Plasmonic Photochemistry

Metallic nanoparticles act as magnifying loop amplifying light in their vicinity. Our research group specializes in harvesting this unique property to boost photochemical processes, such as the production of singlet oxygen. To achieve this goal, we engineer innovative metallic nanoparticle hybrid systems. We then use these novel nanomaterials to photo-inactivate bacteria.

Molecular Aggregation

Most of the technological breakthroughs that profoundly impact our society involve light, whether in solar energy, optoelectronic displays or for medical purposes. In these applications, new materials are intended to function within complex assemblages of molecules rather than as single entities. Therefore, molecular properties explored in dilute solutions might not translate to applications due to the forced proximity between molecules in a confined environment. The ability to predict these changes in functionality in going from solution to application is key to improving performance, accuracy and ultimately cost of these technologies. Our goal is to unravel key structural factors regulating optical and photochemical changes in confined environments.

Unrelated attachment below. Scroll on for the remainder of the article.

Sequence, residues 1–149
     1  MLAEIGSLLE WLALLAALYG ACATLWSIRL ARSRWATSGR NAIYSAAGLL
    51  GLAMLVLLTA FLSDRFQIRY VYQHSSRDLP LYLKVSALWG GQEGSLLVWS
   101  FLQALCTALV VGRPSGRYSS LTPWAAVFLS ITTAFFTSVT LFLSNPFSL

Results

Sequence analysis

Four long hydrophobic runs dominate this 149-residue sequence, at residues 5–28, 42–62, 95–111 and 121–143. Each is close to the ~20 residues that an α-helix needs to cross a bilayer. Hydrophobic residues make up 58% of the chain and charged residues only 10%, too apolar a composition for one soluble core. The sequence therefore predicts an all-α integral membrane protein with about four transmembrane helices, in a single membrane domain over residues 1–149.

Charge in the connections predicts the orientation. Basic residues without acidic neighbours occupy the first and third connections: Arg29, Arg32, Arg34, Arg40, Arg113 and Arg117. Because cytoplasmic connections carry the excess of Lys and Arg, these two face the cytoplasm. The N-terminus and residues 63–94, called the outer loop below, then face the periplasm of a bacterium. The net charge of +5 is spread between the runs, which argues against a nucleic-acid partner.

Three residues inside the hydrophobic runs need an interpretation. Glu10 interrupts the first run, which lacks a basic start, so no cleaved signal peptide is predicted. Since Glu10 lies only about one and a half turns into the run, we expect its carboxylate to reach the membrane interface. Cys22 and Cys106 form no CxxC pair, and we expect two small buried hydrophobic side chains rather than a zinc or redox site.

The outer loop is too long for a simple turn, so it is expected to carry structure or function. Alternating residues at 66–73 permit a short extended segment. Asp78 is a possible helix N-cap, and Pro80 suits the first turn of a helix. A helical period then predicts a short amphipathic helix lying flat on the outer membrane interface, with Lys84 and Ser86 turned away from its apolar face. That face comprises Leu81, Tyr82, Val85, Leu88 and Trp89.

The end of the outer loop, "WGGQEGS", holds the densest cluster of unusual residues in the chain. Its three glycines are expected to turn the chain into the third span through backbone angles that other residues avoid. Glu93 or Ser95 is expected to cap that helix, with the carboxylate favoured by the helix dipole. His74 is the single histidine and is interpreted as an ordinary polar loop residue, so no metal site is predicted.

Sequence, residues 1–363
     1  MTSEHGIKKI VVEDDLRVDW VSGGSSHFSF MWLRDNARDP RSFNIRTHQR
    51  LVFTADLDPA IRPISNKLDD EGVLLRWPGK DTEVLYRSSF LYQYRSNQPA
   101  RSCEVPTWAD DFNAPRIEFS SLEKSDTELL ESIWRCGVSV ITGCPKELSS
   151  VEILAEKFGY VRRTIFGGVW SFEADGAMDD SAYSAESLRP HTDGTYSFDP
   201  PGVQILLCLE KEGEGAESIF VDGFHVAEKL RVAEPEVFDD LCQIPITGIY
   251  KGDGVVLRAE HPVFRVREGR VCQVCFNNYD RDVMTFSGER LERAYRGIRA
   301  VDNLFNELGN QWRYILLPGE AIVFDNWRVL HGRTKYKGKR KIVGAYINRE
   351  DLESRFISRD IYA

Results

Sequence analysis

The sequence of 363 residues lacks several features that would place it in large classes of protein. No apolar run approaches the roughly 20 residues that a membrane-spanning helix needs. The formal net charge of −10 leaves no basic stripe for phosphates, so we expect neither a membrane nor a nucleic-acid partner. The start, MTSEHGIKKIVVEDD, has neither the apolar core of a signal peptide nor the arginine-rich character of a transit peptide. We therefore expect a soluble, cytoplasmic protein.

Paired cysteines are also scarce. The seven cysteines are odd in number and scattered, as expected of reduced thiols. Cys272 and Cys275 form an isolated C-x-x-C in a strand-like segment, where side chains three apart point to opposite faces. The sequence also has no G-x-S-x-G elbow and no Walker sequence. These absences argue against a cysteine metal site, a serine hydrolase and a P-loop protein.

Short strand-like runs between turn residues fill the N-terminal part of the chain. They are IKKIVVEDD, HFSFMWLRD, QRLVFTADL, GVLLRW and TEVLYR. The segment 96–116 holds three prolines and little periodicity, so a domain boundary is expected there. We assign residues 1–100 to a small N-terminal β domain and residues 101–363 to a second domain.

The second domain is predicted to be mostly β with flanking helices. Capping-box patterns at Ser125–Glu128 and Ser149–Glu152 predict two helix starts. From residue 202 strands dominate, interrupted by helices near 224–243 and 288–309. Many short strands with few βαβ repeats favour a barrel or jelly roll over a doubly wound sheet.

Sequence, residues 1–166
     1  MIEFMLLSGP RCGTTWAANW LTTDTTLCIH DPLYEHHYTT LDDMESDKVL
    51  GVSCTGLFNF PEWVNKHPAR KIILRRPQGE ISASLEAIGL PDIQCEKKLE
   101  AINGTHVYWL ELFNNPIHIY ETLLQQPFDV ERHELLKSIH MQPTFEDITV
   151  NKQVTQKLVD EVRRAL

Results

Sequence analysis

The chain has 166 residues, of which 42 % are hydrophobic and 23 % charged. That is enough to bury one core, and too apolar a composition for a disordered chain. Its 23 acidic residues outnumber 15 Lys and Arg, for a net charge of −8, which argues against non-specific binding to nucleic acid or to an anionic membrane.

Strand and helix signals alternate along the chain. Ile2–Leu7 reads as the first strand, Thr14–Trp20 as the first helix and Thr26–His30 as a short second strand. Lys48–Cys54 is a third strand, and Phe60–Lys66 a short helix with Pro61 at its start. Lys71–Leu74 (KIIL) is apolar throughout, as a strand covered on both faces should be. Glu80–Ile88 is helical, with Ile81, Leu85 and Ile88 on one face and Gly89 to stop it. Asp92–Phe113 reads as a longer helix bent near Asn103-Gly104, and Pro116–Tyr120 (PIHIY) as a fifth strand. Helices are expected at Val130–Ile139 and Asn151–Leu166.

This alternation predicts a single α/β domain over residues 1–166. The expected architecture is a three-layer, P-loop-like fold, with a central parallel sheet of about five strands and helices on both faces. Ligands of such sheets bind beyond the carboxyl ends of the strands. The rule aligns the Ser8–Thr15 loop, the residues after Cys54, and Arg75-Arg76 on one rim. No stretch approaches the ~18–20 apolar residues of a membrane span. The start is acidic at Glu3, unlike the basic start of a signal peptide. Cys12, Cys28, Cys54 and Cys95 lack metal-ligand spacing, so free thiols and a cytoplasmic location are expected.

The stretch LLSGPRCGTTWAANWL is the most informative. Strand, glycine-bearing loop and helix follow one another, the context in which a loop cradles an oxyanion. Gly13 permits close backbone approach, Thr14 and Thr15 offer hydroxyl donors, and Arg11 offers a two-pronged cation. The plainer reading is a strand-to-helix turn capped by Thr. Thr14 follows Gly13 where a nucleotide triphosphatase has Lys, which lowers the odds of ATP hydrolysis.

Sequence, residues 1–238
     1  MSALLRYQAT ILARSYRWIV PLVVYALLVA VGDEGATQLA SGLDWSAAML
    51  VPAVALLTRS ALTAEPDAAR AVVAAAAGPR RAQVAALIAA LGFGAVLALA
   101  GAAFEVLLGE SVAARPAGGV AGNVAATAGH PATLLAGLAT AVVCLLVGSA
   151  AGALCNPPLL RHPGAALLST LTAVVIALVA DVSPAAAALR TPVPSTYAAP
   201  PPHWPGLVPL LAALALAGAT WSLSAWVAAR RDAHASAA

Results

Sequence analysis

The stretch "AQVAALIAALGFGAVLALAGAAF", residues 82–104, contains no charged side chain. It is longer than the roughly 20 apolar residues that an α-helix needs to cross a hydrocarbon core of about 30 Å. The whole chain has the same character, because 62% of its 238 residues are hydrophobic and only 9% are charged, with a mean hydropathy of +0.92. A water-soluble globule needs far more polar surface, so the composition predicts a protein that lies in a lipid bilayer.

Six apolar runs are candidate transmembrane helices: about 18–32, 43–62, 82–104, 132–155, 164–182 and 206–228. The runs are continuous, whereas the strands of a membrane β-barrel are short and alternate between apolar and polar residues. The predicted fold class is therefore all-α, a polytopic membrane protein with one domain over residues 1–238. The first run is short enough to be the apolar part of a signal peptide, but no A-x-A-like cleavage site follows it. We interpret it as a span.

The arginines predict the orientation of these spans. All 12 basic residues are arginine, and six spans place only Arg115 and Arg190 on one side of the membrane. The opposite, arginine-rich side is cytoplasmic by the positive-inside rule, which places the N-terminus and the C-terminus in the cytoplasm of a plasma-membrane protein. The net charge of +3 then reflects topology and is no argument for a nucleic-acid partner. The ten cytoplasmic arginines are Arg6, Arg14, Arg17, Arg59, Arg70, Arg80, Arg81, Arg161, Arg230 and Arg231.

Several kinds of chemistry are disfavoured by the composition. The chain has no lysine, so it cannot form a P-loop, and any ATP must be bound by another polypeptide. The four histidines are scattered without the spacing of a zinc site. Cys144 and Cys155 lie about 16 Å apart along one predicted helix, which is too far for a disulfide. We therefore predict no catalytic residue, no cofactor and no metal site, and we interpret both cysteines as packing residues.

Cellulose Nanocrystal (CNC)

Cellulose is the most abundant polymer on earth, it is the main building block of trees and plants. Nanocellulose are rod-like nanoparticles derived from cellulose. In the crystalline form, nanocellulose is organized in a structure of strongly ordered crystalline particles, which presents several key features such as high strength, electro-magnetic response and a large surface area. Our goal is to further modify CNC by engineering novel nanomaterials for various applications, adding value to the abundant biomass resource available in Alberta.

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